Ghana, like any African country has made trade promotion a central policy since 1956. Reforms implemented under the Economic Recovery Program (ERP) and Structural Adjustment Policy (SAP) such as, the trade restrictive, import-substitution development strategy of the 1960s and 1970s was replaced by a more liberalized, outward oriented and export-led growth strategy, with serious governmental efforts towards diversifying and broadening Ghana‘s export base into non-traditional items like handicrafts, pineapples, canned, yams and smoked fish, processed foods, and wood products (Bonuedi, 2013) where female productivity is believed to be high. The openness of Ghana‘s external sector, measured by the share of export and imports in GDP, kept fluctuating since 1982; from 60% in 1982 to 46% in 1992, to 116% in 2000 and then to 75% in 2010 (World Development Indicators [WDI], 2015). In 2013, export as percentage of GDP is 42.35% as against import as percentage of GDP is 47.44%. However, it has been difficult in spurring exports growth over the growth in imports, leaving the balance of trade in deficits for most of the years between 1982 and 2014.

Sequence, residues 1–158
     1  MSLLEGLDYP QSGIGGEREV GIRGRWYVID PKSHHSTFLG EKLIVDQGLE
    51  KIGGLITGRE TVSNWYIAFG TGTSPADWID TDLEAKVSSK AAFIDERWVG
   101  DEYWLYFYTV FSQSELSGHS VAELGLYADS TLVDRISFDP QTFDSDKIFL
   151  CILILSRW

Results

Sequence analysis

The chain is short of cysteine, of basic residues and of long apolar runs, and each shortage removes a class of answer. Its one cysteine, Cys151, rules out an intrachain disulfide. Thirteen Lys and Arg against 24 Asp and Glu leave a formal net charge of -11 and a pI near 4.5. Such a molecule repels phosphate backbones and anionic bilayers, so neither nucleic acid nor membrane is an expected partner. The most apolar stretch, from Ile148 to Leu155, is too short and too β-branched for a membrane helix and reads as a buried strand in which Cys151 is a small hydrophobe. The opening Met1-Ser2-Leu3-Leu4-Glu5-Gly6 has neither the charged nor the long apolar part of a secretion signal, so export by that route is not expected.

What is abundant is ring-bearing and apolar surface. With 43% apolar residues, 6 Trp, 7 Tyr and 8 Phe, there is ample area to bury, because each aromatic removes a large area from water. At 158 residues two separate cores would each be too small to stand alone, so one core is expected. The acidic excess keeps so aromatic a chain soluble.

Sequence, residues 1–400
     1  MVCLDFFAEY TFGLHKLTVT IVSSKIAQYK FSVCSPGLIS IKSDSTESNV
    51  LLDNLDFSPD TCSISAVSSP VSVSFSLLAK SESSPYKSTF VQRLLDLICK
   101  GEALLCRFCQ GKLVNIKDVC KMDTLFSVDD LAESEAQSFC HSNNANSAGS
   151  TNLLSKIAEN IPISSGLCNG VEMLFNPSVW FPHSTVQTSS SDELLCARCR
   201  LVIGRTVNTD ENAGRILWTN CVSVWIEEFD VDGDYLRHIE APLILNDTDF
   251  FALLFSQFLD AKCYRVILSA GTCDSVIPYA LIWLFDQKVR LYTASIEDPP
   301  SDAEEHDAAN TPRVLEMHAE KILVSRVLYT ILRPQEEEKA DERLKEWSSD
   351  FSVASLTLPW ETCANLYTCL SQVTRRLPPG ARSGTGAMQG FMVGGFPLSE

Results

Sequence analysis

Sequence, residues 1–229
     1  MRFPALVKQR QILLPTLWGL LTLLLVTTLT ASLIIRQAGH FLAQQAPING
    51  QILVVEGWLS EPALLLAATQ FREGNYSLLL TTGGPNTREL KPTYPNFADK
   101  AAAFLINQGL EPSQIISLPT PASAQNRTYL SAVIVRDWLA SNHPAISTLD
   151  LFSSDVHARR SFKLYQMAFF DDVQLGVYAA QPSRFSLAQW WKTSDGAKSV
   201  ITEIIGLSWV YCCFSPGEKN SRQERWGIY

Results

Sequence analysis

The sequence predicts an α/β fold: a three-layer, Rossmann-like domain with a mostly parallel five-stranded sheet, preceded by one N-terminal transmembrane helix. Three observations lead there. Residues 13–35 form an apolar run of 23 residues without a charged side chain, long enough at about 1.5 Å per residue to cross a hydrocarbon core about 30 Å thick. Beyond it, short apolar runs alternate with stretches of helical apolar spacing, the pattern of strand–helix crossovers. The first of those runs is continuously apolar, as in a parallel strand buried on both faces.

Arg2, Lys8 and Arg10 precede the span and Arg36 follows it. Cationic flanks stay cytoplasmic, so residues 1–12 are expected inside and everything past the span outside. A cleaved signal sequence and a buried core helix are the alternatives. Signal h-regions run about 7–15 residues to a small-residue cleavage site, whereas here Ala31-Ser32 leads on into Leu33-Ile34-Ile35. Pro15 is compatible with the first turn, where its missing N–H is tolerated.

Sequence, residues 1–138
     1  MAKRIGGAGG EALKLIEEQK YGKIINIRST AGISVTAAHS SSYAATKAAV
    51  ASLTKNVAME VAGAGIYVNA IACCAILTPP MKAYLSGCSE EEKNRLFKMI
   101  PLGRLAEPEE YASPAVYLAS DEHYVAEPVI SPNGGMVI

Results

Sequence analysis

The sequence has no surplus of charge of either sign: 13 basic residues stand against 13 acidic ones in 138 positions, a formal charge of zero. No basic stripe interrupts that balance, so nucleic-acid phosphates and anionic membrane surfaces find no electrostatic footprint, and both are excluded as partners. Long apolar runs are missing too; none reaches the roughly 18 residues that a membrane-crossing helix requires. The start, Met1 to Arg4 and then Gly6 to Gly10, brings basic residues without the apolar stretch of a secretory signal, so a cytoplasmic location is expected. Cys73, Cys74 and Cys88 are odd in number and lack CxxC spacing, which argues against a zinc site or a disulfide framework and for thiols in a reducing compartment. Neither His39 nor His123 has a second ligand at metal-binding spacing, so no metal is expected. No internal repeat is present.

Among the different factors affecting trade openness, the relationship between trade and gender inequality warrants particular attention. Also as Ghana aspires to improve its middle-income status with an annual increase in real growth rate there is the need to explore other drivers to expand the volume of Ghana‘s trade by considering the effect of gender inequality on trade to boost the pace of the nation‘s economic growth.

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Item Type: Ghanaian Topic  |  Size: 87 pages  |  Chapters: 1-5
Format: MS Word  |  Delivery: Within 30Mins.